Continue reading “Make Bristo Square Red Square! Defend Edinburgh University Lecturers and the National UCU Pension Strike”
We publish the statement by Richie Venton below in his campaign for USDAW NEC. and also his statement on the threat from Tescos to axe 17,00 jobs.
USDAW organise some of the most exploited workers in companies such as Tescos, Sainbury’s, Ikea, Co-op, Argos, Aldi and Lidl along with various factories and warehouses. It is potentially very powerful Union.
With a militant leadership and a recruitment drive they could have the Tesco CEOs running scared and with a Socialist programme they could play an integral part in a fight for nationalised, workers controlled, food producers and distributors service. Yet they have a very conservative leadership.
Continue reading “Shop, Distributive and Allied Workers Need a Socialist Leadership: Vote Richie Venton for USDAW NEC”
By Tam Burke, IMT Edinburgh, Prospect, Personal Capacity
Compared with Catalonia, South Africa or the USA, political life in Scotland for most of last year hardly set the heather on fire. Then in November came the Battle for BiFab when the workers made headlines with their successful fight for the wages they were due. A dispute last November between their employer, Burntisland Fabrication (BiFab), and its customer, Seaway Heavy Lifting (SHL), over what payment was still due, threatened the closure of the three yards, Burtisland and Methyl in Fife and Arnish, Isle of Lewis. BiFab said they’d no money coming in to pay wages, so 1400 workers would be laid off. There was no likelihood of the yards reopening. “A hammer blow to BiFab workers and communities in Fife and the Isle of Lewis” declared Gary Smith, GMB Union organiser. SHL said it’d paid BiFab on time in line with the contract. BiFab sought a Notice of Administration, giving just ten short days to find a solution before the yards fell silent. Shocked politicians at every level and of all parties condemned, denounced, exclaimed, wailed, complained and proclaimed that somehow it must not happen, but without any mitigation of the catastrophe.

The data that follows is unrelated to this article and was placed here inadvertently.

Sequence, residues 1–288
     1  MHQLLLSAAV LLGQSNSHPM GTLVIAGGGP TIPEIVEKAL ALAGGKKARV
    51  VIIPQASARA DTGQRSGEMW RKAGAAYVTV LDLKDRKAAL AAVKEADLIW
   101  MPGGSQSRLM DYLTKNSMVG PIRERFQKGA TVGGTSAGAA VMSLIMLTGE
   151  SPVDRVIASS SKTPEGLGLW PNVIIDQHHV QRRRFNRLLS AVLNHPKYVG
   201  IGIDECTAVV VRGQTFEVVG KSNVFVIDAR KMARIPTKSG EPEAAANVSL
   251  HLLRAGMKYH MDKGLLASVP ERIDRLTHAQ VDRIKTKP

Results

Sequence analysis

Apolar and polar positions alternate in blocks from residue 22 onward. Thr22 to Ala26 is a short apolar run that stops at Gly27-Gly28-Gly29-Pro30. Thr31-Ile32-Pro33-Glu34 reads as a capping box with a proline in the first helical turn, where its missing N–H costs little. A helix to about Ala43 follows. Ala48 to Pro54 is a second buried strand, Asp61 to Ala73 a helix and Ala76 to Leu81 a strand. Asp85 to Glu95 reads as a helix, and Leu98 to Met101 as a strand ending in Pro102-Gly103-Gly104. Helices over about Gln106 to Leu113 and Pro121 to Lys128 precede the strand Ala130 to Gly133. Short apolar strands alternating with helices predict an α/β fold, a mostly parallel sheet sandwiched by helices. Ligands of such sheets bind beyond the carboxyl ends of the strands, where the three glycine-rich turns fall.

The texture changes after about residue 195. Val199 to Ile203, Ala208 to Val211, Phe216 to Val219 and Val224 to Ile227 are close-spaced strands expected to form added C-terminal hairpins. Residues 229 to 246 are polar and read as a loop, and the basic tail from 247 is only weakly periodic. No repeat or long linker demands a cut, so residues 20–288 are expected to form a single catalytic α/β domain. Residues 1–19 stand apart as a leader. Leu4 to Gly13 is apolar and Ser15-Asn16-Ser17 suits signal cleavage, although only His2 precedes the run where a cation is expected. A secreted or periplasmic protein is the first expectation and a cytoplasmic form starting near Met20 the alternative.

Continue reading “Battle for Bifab: The Return Bout”
By Ross Walker
After two years of utter humiliation following the 2014 referendum, 2017 saw a gradual improvement in Scottish Labour’s fortunes. In June they increased their seats from 1 to 7 in the snap Westminster election. In November, left-winger, Richard Leonard was elected after decades of right wing leadership. The party finished the year with some polls showing them having overtaken the Tories in popularity.
Continue reading “Scottish Labour, The National Question and The SNP”
By Harvey Dodds, IMT Edinburgh
The draft budget presented by the Scottish Government in December marked a chance for the SNP to embellish the anti-austerity credentials they have earned in recent years with a bold budget. With the tax powers that have been devolved to Holyrood, it would have been possible to significantly raise tax for the highest earners in order to fund redistributive policies, public sector pay, and investment without affecting lower earners. This, however, was not the case.
Continue reading “SNP Draft Budget Changes Nothing”